Those are some of the conclusions of a new report produced by the National Academies of Science. Done at the request of the National Institutes of Health (NIH), the report calls for scientists and the agencies that fund them to stop thinking of genetics in terms of race, and instead to focus on things that can be determined scientifically.

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      Million-year-old mammoth DNA rewrites animal’s evolutionary tree

      John Timmer · / ArsTechnica · Wednesday, 17 February, 2021 - 18:10 · 1 minute

    Image of a fractured, white post partially embedded in the soil.

    Enlarge / A mammoth tusk thaws out of the ground in Siberia.

    Ancient DNA has revolutionized how we understand human evolution, revealing how populations moved and interacted and introducing us to relatives like the Denisovans, a "ghost lineage" that we wouldn't realize existed if it weren't for discovering their DNA. But humans aren't the only ones who have left DNA behind in their bones, and the same analyses that worked for humans can work for any other group of species.

    Today, the mammoths take their turn in the spotlight, helped by what appears to be the oldest DNA ever sequenced. DNA from three ancient molars, one likely to be over a million years old, has revealed that there is a ghost lineage of mammoths that interbred with distant relatives to produce the North American mammoth population.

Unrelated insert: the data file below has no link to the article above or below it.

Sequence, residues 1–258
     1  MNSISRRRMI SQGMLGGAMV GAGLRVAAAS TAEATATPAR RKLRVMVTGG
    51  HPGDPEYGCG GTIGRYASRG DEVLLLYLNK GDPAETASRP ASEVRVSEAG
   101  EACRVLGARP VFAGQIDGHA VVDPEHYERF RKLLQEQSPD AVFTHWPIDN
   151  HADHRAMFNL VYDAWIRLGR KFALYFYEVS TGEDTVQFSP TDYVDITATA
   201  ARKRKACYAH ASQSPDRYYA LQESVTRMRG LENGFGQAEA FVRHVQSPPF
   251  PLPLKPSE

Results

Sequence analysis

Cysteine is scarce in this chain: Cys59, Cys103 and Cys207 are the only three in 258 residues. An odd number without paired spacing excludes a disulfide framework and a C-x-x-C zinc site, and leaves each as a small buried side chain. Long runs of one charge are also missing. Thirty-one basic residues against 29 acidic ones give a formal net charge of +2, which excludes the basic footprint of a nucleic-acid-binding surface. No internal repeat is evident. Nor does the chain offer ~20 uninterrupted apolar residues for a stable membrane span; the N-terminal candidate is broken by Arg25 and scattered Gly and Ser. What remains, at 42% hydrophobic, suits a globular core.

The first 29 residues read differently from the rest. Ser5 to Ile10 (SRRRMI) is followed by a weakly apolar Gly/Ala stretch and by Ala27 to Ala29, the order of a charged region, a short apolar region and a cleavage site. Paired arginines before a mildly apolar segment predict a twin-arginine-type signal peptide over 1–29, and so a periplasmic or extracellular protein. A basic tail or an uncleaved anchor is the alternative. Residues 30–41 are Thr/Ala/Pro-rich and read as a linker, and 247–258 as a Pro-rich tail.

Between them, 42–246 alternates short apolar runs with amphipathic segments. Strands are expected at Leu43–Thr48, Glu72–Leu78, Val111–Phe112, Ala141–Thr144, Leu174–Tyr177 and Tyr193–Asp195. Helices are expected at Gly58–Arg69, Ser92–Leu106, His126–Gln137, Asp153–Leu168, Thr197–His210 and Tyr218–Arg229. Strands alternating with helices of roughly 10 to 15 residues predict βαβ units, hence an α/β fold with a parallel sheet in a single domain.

Dating and the mammoth family tree

    Mammoths share something with humans: like us, they started as an African population but spread across much of the planet. Having spread out much earlier, mammoth populations spent enough time separated from each other to form different species. After branching off from elephants, the mammoths first split into what are called southern and steppe species. Later still, adaptations to ice age climates produced the woolly mammoth and its close relative, the North American mammoth, called the Columbian mammoth. All of those species, however, are extinct, and the only living relatives are the elephants.